CHAPTER 1: LEBANON 3
CHAPTER 2: SAUDI ARABIA 15
CHAPTER 3: EGYPT 21
CHAPTER 4: UNITED ARAB EMIRATES 29
Democracy and Human Rights in the Arab Countries
The Universal Declaration of Human Rights was a revolutionary document when the United Nations passed it in 1948. All human beings are born free and equal in dignity and rights. They are endowed with reason and conscience and should act towards one another in a spirit of goodwill. Everyone is entitled to all the rights and freedom set forth in the Declaration of human rights, without distinction of any kind, such as race, color, sex, language, religion, political or other opinion, national or social origin, property, birth or other status. Furthermore, no distinction shall be made based on the political, jurisdictional or international status of the country or territory to which a person belongs, whether it is independent, trust, non-self-governing or under any other limitation of sovereignty.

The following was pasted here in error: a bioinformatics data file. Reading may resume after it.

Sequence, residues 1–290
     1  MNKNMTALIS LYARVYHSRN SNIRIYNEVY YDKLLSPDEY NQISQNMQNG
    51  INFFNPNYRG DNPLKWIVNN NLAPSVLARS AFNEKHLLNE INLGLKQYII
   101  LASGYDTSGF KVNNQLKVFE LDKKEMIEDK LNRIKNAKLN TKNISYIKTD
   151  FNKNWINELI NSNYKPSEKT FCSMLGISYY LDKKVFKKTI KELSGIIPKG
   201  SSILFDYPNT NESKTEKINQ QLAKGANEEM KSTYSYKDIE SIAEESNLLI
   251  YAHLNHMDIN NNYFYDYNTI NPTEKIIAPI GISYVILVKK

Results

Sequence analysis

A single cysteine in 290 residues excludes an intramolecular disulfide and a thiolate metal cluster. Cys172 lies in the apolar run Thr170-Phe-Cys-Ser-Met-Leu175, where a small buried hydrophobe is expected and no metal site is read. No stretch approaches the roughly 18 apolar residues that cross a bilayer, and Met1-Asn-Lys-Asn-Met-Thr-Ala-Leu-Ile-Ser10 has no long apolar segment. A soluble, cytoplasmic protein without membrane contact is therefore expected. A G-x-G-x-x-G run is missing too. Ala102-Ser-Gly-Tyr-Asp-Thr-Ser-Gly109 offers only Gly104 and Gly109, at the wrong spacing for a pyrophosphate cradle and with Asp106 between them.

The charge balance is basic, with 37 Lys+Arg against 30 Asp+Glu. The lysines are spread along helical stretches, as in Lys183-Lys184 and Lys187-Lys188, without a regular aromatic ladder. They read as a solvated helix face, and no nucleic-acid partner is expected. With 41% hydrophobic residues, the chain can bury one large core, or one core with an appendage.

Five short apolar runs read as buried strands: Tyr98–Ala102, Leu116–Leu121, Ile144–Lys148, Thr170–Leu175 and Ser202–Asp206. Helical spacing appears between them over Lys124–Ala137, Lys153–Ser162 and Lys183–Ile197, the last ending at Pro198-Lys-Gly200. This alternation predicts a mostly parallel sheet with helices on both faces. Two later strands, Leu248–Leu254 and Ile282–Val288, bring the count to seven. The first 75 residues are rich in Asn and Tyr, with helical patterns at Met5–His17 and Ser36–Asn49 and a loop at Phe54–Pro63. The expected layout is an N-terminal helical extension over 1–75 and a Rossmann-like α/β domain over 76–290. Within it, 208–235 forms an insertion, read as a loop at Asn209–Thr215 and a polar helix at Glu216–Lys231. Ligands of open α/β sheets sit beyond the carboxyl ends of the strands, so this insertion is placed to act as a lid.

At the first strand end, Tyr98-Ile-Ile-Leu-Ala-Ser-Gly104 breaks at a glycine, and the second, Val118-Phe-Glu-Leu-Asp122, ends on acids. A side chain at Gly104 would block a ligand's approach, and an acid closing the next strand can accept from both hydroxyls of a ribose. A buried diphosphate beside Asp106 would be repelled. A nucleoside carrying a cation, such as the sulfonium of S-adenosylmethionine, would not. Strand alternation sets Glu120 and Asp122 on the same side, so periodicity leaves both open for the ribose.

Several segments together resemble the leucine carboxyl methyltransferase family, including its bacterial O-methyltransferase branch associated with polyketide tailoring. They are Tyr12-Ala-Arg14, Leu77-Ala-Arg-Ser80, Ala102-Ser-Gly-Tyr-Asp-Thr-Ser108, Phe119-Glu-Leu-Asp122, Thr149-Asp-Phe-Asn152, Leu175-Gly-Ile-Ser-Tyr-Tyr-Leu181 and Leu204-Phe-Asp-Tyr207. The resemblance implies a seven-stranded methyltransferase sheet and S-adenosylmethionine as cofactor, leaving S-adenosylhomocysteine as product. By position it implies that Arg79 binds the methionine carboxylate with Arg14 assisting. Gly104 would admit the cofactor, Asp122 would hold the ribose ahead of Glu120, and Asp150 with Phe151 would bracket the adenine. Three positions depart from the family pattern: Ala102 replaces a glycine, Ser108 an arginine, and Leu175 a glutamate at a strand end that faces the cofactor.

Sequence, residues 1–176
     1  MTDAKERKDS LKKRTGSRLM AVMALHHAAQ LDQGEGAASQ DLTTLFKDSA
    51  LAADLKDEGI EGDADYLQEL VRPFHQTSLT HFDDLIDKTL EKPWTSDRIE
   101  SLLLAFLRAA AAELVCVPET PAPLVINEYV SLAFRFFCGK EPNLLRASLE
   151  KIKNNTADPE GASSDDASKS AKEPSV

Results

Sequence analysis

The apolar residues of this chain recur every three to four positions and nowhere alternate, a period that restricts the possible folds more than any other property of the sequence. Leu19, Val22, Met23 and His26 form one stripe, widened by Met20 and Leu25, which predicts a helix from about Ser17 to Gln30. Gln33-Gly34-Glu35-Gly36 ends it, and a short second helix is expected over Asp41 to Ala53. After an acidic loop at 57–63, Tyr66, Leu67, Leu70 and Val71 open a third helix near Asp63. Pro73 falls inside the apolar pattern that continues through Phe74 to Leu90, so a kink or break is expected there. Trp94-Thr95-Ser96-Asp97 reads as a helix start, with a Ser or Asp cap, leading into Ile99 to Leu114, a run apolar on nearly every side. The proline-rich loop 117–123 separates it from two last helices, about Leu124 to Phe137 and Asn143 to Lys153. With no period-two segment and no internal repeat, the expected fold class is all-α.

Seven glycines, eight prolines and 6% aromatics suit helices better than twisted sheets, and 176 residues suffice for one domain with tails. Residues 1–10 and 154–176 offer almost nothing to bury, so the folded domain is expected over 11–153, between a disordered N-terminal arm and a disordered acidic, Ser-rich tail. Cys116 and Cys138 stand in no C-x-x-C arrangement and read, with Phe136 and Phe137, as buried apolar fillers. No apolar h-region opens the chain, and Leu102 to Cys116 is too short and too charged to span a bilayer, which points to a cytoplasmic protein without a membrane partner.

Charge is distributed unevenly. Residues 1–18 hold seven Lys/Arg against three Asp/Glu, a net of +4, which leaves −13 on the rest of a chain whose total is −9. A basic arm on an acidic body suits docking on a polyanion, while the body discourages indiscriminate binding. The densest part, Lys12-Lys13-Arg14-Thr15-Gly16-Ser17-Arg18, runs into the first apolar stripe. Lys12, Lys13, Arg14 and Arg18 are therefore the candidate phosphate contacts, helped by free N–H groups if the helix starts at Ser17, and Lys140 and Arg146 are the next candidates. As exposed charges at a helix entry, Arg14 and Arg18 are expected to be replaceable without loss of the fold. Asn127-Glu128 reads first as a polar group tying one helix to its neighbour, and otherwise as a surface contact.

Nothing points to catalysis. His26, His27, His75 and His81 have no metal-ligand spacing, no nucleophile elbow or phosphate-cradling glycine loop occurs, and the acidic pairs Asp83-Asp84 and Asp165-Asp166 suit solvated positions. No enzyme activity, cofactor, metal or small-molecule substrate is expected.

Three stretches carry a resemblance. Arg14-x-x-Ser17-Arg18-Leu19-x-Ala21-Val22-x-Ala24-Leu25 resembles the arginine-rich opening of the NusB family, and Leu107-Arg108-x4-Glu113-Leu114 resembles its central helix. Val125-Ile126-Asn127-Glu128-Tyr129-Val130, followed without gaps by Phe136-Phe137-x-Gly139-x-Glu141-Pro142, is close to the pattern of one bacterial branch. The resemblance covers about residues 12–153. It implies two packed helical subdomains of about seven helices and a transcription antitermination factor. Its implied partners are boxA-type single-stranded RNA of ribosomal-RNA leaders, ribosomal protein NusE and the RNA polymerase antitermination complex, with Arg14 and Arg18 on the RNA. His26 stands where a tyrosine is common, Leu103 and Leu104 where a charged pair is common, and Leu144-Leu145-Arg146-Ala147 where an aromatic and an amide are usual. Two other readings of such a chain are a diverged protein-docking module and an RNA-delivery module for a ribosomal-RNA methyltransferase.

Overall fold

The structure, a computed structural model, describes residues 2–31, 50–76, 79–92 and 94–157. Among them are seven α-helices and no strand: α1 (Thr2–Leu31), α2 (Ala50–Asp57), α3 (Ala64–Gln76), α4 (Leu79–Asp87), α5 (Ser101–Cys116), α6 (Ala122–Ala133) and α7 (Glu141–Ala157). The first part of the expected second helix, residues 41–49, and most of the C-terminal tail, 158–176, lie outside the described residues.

Everyone has the right to life, liberty and security of person. Thus were articles one and two of the declaration of human rights at 1948 after the World War 2. When the Arab world was dominated by the colonies power of France and Britain, but recently the Arab governments had take too many initiatives to set the Arab human rights close to their Islamic religion and believe. It was Casablanca declaration on 1999 at Morocco; it was organized by the Cairo Institute for Human Rights Studies, with the collaboration of the Moroccan Organization for Human Rights. There were many participants from North African countries among the 100 representatives from human rights groups from across the Arab world. It is significant that the conference took place in Morocco, a country that has seen considerable improvements in human rights conditions in the recent years and where...